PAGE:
Engines are fitted to ships to power movement (it isn't possible to construct a ship without an engine). The maximum speed a fleet can travel is determined by the slowest engine in the fleet.
They can function without fuel (olzine), but provide greater speeds while using it. Each civilization starts with a single engine: Base Warp Engine. Additional engines can be unlocked by researching the relevant technology.
Engines also provide ships with energy, which certain parts and weapons require to function e.g. shields, plasma cannons, beam weapons etc.
In addition to the default Base Warp Engine, there are four additional engines that each civilization can acquire by performing the relevant research:
|Engine name||Research required|
|Base Warp||None (default engine)|
|Improved Warp||Warp level gradation|
|Zero Gravity||Warp wave recycling|
|Dark Energy||Efficient warp level gradation|
|Hyperspace Energy||Advanced warp wave recycling|
Each engine is available in three sizes (small, medium and large). Speeds provided and fuel consumption are the same for each of these sizes, however, the energy provided and costs differ (large engines are more expensive and provide more energy than small).
|Engine name||Size||Thruster (km/s)||Free warp||Max warp||Energy||Fuel factor||Farsu||Credits||Build (secs)|
- Thruster: speed used within a star system and during battle
- Free warp: maximum warp speed without using fuel
- Max warp: maximum warp speed using fuel
- Energy: energy generated per engine (which can be used to power shields, energy weapons etc.)
- Fuel factor: how fuel efficient the engines are (the lower the better)
- Farsu: cost in farsu
- Credits: cost in credits
- Build (secs): required build time during ship construction
Any engine is compatible with any hull. Depending on the size of the hull, there will be a small, medium or large version of an engine available in the ship designer which can be fitted to the hull.
The size of the ship hull determines how many engines it needs. A small hull could require only a single engine, whereas the larger hulls can need over ten.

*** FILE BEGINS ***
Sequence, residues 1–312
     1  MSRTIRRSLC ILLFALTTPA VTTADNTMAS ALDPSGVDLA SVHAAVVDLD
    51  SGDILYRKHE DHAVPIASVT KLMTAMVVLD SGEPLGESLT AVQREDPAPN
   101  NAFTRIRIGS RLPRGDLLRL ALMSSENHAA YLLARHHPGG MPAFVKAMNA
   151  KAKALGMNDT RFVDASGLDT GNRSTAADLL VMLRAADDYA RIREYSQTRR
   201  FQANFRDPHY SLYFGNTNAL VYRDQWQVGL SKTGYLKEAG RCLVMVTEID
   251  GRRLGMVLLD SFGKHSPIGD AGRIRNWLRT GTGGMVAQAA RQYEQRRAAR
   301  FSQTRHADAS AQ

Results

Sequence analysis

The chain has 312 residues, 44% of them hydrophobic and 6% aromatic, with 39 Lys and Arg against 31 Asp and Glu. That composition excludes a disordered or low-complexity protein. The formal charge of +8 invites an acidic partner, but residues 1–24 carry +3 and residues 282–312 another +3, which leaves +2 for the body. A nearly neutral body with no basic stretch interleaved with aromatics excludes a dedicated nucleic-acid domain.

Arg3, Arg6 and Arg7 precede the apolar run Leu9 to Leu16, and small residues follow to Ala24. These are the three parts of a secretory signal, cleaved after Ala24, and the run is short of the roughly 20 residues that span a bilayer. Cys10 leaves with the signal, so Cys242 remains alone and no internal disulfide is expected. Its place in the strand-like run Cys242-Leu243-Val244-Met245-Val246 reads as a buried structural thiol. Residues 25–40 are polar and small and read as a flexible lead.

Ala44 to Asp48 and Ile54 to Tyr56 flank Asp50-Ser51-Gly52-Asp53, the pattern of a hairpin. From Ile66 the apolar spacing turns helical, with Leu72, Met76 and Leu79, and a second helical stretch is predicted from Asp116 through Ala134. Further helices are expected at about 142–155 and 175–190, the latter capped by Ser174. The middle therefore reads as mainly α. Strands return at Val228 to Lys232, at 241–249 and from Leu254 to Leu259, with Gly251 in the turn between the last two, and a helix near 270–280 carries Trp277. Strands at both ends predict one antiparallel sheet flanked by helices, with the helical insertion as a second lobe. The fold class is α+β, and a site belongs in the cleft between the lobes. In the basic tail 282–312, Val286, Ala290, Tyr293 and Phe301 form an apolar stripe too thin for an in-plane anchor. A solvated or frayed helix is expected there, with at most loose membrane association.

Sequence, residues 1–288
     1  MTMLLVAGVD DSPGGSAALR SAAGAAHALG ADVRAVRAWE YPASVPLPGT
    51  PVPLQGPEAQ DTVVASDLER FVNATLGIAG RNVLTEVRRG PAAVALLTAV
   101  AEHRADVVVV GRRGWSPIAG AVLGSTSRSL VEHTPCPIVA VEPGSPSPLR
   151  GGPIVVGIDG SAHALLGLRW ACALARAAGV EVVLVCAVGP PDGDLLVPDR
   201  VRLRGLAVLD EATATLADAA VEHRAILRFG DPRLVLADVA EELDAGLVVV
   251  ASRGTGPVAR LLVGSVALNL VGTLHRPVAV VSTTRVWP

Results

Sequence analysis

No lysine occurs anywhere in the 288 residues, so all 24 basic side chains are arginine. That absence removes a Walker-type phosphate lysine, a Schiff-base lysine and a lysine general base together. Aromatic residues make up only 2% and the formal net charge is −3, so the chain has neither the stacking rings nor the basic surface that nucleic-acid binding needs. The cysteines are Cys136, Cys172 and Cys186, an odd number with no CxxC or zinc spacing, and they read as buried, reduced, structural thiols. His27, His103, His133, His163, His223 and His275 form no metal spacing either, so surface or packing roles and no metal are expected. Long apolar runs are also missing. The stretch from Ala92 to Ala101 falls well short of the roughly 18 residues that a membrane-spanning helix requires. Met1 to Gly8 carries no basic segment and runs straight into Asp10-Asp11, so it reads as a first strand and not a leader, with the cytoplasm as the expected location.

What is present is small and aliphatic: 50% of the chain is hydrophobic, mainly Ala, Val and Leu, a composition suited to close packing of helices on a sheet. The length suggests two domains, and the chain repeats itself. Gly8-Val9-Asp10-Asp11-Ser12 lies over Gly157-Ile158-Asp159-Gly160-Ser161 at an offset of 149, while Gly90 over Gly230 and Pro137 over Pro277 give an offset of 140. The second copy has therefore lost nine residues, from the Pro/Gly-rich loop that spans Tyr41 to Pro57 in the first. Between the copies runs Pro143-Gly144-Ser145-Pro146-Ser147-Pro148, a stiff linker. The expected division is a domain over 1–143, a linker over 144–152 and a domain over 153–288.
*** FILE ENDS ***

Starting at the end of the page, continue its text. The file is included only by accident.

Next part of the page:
When more than one engine is fitted to a hull, the maximum travel speeds do not increase. However, the resource costs, build time, energy generated and fuel consumption do increase proportionately.
There are two types of speed engines can provide: thruster and warp.
Thruster speed is the automatic speed at which a ship will travel while in a star system or during battle. It is automatically engaged under those conditions (the selected warp speed is ignored).
Outside of a star system (and when not in a battle) ships can travel at warp speed. Warp speed is significantly faster than thruster speed (warp 2 and above are faster than the speed of light).
|Warp||Light years per hour|
Free warp is the warp speed at which engines can operate without using fuel (olzine). To travel faster than the free warp speed, the engine must have available fuel.
Olzine is the fuel used by ship engines. Without fuel, ships can only travel at thruster or free warp speed.
Travelling at faster warp speeds increases fuel consumption (each additional warp level will consume more fuel than the previous level).
The fuel factor also determines how fuel efficient an engine is (the lower the fuel factor, the more fuel efficient an engine is).
Fuel is stored on a ship using fuel tanks (fuel cannot be added to a ship if no fuel tanks were included in the design). Multiple fuel tanks increase the ship's fuel capacity. Fuel tanks are available without having to be researched (available in small, medium and large sizes).
When a ship is constructed, its fuel tanks are automatically filled if there is olzine available. Fuel tanks can be filled manually at any planet by transferring olzine to the ship (up to the combined capacity limit of the fuel tanks).
|Size||Capacity (tonnes)||Farsu||Credits||Build (secs)|